I really wouldn't bother with the police - they won't want to get involved in what will appear to them to be a he said/she said situation.
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Old 07-29-2013, 08:09 PM
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Quote:
Originally Posted by auroradiem View Post
Is it possible that a lawyer in their right mind would tell her that I abandoned the items and she has full entitlement to them? How do you think the courts are going to perceive her emptying out the house?
Do you really think that squabbling over furniture will make it to court?

Yes some lawyers love to tell their clients what they want to hear - doesn't have to be good advice at all. If you have equity in your house or money in the bank that is all many care about - how they are going to be paid.

If you keep the fight going and argue over petty things then the lawyers are going to be very very happy. Cost of having a lawyer represent you in court will probably exceed the value of your daughter's bedroom suite.

I'd set a goal (get woman out of your house) and stay focused on that. It almost sounds as though you are getting a bit sidetracked. Good defensive strategy on her part.
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Old 07-29-2013, 08:38 PM
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She has been advised that I will be coming in to do the necessary repairs on the 31st. My daughter was out of country for a couple of years. The major issue I have is that she has taken my adult daughter's furniture that was being stored in the house and that some of the furniture is not yet paid for. My primary focus is still to get her out of the house on the 31st.
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  #29 (permalink)  
Old 07-29-2013, 08:51 PM
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Must be expensive furniture if it has taken years to pay for it.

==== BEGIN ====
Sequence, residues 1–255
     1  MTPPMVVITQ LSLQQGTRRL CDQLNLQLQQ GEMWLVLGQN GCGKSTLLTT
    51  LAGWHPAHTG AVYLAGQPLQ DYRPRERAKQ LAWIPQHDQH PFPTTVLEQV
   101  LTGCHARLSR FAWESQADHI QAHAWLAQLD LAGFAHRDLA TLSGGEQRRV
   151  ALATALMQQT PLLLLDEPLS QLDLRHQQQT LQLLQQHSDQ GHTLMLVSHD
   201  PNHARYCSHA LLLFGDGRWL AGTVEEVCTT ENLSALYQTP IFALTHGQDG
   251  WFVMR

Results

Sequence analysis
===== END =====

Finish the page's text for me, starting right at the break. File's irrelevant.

Operative word here is "adult" daughter. Perhaps you have to leave that fight alone and let your daughter sort it out with her mother (assuming of course that the 'adult' daughter is paying for the furniture).

Depending upon the whole cost of everything, and considering cost of mediocre lawyer, you would know if it's worth pursuing. If you took your ex to small claims court and got a judgment/order for her to pay, do you think it is worth your time and/or will you ever receive a dime?

I'd just get her out of the house. You very well might have to eat the cost of the furniture and look at it as an expensive lesson to be learned. I'd hazard a guess that the only worthwhile trip to the courthouse would be to get an eviction order. You can do that yourself. I do not know the cost of that but there are other people on this forum who seem to have experience with that. I believe you can get an order for the Sheriff to seize her property in lieu of money owed to you. Maybe check out your local rules of court concerning landlord/tenant act.
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Old 07-29-2013, 08:52 PM
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Must be expensive furniture if it has taken years to pay for it.

Operative word here is "adult" daughter. Perhaps you have to leave that fight alone and let your daughter sort it out with her mother (assuming of course that the 'adult' daughter is paying for the furniture).

Depending upon the whole cost of everything, and considering cost of mediocre lawyer, you would know if it's worth pursuing. If you took your ex to small claims court and got a judgment/order for her to pay, do you think it is worth your time and/or will you ever receive a dime?

I'd just get her out of the house. You very well might have to eat the cost of the furniture and look at it as an expensive lesson to be learned. I'd hazard a guess that the only worthwhile trip to the courthouse would be to get an eviction order. You can do that yourself. I do not know the cost of that but there are other people on this forum who seem to have experience with that. I believe you can get an order for the Sheriff to seize her property in lieu of money owed to you. Maybe check out your local rules of court concerning landlord/tenant act.